The explanation of left brain and right brain’s differing functions helped clarify why things that work well for left sidedness may shut down responses from the right side. To successfully write fantasy, I need my right brain actively involved, ongoingly. So ways of communicating with, listening to, and keeping my right brain participating are stimulating.

            One thing about the paint on the wall example keeps bugging me, that’s not been addressed. The paint takes care of the visual aspect of the blood. But both fresh, drying, and dried blood have different degrees of smell. And women are particularly sensitive to how blood smells. How will that be masked, and with what, perhaps varying, degrees of success? I know the example is a starter set, and not a complete story. However, not addressing the scent problem is the kind of issue that breaks my suspension of disbelief. It pulls me up sharply, saying, “Hey, wait a minute!” And because of that, it reduces the usefulness of the example for me.

            On the other hand, worldbuilding as being questions and answers to flesh out stories, rather than simply map building, is a mind expanding concept. I take that up enthusiastically!

            • It’s glossy black paint. So washable. Glossy BECAUSE it’s washable.
              Glossy white paint could still be expected to show staining over time. Glossy black paint won’t.
              So…no smell.

              • The paint may not smell. But the blood smells. A lot. Use the paint to cover the blood visually, and it still does not mask the blood smell of the murder victims. Mix the blood into the paint, and the paint gains an aroma.

                The room may look neutral, owing to the paint. But it will reek of blood to the nose.

              • The black paint wasn’t used to cover the blood.

                It was used to provide a cleanable surface.

                If blood could not be cleaned from paint, no one would ever be able to successfully clean a bathroom. Or a hospital room.

              • And I just realized you’re talking about the paintings in the room, not the paint on the walls.

                Paintings are sealed on the inside with gesso, and sealed on the outside with varnish. Both of these would prevent the paintings from smelling of blood.

    • I apologize for my lack of clarity on this. I forgot I’d added book sections, and had thought “each section” would be easy to correlate to each exercise.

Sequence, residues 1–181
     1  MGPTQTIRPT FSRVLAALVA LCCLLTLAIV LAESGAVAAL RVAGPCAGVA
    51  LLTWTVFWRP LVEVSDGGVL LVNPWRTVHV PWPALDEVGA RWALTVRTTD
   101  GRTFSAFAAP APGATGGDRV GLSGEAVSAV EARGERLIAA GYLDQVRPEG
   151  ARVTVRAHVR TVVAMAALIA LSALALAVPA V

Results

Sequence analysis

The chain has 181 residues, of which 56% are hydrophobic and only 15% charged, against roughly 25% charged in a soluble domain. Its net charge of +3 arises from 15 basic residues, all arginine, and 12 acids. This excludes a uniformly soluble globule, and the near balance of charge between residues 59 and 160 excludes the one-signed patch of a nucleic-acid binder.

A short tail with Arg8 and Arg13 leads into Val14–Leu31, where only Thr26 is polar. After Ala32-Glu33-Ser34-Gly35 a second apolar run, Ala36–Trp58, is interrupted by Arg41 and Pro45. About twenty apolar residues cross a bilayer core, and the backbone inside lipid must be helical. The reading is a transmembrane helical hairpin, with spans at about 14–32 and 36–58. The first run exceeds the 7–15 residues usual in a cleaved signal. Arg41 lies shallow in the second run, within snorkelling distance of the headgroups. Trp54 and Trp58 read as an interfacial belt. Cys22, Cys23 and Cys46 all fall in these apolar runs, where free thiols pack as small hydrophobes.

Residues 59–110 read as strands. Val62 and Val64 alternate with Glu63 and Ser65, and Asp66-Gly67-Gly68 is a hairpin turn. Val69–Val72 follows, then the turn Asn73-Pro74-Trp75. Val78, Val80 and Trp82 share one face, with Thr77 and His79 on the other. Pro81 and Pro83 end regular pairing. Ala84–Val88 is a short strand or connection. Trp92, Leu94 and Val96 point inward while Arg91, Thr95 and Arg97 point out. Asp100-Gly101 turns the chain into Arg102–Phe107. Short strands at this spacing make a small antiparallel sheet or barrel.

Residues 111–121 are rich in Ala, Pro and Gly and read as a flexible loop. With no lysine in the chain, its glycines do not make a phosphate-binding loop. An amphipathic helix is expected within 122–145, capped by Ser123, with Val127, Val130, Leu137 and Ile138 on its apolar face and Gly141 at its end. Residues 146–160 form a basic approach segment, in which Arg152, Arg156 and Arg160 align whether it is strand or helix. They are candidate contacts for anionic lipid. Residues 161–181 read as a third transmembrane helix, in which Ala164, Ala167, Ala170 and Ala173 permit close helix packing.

• I’m not sure what will give the folks reading this and trying to figure out if this is the course they’re hoping for the information they’re looking for. So rather than tell you what I think they’ll want to know, let me ask them.

  14. Chapter 4
    1) I thought I would learn the three building blocks for worldbuilding and how they will be used.

    2) What I actually got from this section was an introduction to Sane worldbuilding, why I should keep things simple, and information on what exactly the three parts of wordlbuilding are.

    3) I will be able to use what I learned to keep things simple and to only build enough of my world that I need right now.

  15. Chapter 3
    1) From the title chapter, I was expecting instructions on how to go through the book and use the worksheets to get the most out of the class.

    2) What I actually got form this chapter was the importance of the worksheet and prioritization as well as how this clinic connects with the other two worldbuilding clinics.

    3) I will be able to use this section as a guideline for how I will go through the clinic and use the worksheets to practice worldbuilding.

  16. Chapter 2
    1) This section appears to be the introduction to worldbuilding I expected in the first chapter, i.e. what it is, why I need, and what to do with it.

    2) This chapter turned out to be the an introduction of what exactly the course is going to deliver: SANE worldbuilding.

    3) There was a lot of preliminary info that I know I will be using in my writing.

  17. Chapter 1
    1) I wasn’t sure what the Dot World was all about, but I thought it might be an something that was in HTTS.

    2) The chapter turned into a very interesting exercise about listening to your Muse to generate ideas through questions.

    3) The technique in the exercise is something that would be used repeatedly anytime I need to come up with an idea for a story.

  18. Chapter 11: Container Universe
    I expected to learn how to create a container universe, and what one was. I got some insight on why such universes work, and how to create a series around them. I don’t plan to ever write a series, but my WIP lives in a container universe (which I was unaware of), and now I can make the thing work better.

  19. Chapter 9: a worldbuilding Rant
    I expected to be entertained, since writers rant very well, and maybe learn something. I did learn one thing I intend to never do in my stories, or in making dinner, because I don’t want to be a silly person.

  20. Chapter 8
    I expected to learn how to fit a universe into a tube of toothpaste. I learned not only how to limit worldbuilding, but how each aspect of a world must have limits, or there is no real story. I’m going to use this to set the clear boundaries of my own story worlds, and how much time I spend making them.

  21. Chapter 7
    I thought I would learn more on using the line world. What I got was some techniques to make description work for the story and, I hope, further immerse the reader into the story. I will use these practices to bring my worlds into focus in a way the moves the story along.

  22. Chapter 10
    What I expected: An explanation of what a fictional universe was, and I suspected there might be an exercise
    What I got: Just the explanation, and a quick explanation of what will be talked about in the next three chapters
    How I’ll use it: Hopefully I’ll remember to not think ‘literal universe’ when constructing a fictional universe